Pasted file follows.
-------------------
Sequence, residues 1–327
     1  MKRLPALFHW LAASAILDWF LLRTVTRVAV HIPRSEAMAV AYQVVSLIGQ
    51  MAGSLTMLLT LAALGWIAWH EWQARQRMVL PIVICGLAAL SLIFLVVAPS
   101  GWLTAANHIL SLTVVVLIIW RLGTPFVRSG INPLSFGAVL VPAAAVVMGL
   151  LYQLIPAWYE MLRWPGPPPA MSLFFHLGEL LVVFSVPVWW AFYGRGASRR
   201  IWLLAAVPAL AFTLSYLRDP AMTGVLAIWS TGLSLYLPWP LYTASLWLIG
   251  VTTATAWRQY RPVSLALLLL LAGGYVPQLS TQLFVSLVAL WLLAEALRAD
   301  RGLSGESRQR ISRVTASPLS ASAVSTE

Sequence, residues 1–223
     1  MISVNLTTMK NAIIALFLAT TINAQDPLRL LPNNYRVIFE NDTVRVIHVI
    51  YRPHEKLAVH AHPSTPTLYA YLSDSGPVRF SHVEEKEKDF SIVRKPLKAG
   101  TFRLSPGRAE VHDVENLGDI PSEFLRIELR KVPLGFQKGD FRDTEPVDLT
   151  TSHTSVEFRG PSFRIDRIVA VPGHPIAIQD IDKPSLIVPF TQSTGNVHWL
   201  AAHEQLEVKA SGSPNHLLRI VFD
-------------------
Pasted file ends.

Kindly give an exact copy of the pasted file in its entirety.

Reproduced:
Sequence, residues 1–327
     1  MKRLPALFHW LAASAILDWF LLRTVTRVAV HIPRSEAMAV AYQVVSLIGQ
    51  MAGSLTMLLT LAALGWIAWH EWQARQRMVL PIVICGLAAL SLIFLVVAPS
   101  GWLTAANHIL SLTVVVLIIW RLGTPFVRSG INPLSFGAVL VPAAAVVMGL
   151  LYQLIPAWYE MLRWPGPPPA MSLFFHLGEL LVVFSVPVWW AFYGRGASRR
   201  IWLLAAVPAL AFTLSYLRDP AMTGVLAIWS TGLSLYLPWP LYTASLWLIG
   251  VTTATAWRQY RPVSLALLLL LAGGYVPQLS TQLFVSLVAL WLLAEALRAD
   301  RGLSGESRQR ISRVTASPLS ASAVSTE

Sequence, residues 1–223
     1  MISVNLTTMK NAIIALFLAT TINAQDPLRL LPNNYRVIFE NDTVRVIHVI
    51  YRPHEKLAVH AHPSTPTLYA YLSDSGPVRF SHVEEKEKDF SIVRKPLKAG
   101  TFRLSPGRAE VHDVENLGDI PSEFLRIELR KVPLGFQKGD FRDTEPVDLT
   151  TSHTSVEFRG PSFRIDRIVA VPGHPIAIQD IDKPSLIVPF TQSTGNVHWL
   201  AAHEQLEVKA SGSPNHLLRI VFD